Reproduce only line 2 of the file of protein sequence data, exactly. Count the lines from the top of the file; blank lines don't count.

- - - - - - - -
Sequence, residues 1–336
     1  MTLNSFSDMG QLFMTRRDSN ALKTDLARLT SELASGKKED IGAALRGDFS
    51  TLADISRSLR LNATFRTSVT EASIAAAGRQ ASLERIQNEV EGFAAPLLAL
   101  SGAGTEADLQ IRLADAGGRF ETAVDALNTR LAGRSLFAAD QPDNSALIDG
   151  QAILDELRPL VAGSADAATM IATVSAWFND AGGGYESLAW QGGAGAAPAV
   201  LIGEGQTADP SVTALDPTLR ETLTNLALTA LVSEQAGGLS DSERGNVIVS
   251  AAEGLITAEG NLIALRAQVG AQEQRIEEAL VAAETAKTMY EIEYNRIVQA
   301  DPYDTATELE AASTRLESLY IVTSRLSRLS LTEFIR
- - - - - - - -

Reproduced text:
     1  MTLNSFSDMG QLFMTRRDSN ALKTDLARLT SELASGKKED IGAALRGDFS